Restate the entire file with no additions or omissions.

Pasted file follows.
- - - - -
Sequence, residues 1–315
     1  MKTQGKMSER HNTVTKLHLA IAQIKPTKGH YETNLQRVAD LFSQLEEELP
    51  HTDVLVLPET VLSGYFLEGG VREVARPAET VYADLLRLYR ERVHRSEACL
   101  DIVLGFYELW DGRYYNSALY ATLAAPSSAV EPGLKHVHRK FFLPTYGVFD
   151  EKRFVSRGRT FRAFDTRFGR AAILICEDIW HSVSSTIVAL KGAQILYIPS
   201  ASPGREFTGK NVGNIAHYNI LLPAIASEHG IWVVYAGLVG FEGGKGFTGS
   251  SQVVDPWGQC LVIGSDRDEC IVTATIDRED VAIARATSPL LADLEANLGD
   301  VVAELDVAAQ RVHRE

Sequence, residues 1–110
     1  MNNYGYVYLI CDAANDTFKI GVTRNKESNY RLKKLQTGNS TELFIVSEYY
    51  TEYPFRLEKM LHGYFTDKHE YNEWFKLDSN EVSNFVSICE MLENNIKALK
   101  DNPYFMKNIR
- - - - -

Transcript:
Sequence, residues 1–315
     1  MKTQGKMSER HNTVTKLHLA IAQIKPTKGH YETNLQRVAD LFSQLEEELP
    51  HTDVLVLPET VLSGYFLEGG VREVARPAET VYADLLRLYR ERVHRSEACL
   101  DIVLGFYELW DGRYYNSALY ATLAAPSSAV EPGLKHVHRK FFLPTYGVFD
   151  EKRFVSRGRT FRAFDTRFGR AAILICEDIW HSVSSTIVAL KGAQILYIPS
   201  ASPGREFTGK NVGNIAHYNI LLPAIASEHG IWVVYAGLVG FEGGKGFTGS
   251  SQVVDPWGQC LVIGSDRDEC IVTATIDRED VAIARATSPL LADLEANLGD
   301  VVAELDVAAQ RVHRE

Sequence, residues 1–110
     1  MNNYGYVYLI CDAANDTFKI GVTRNKESNY RLKKLQTGNS TELFIVSEYY
    51  TEYPFRLEKM LHGYFTDKHE YNEWFKLDSN EVSNFVSICE MLENNIKALK
   101  DNPYFMKNIR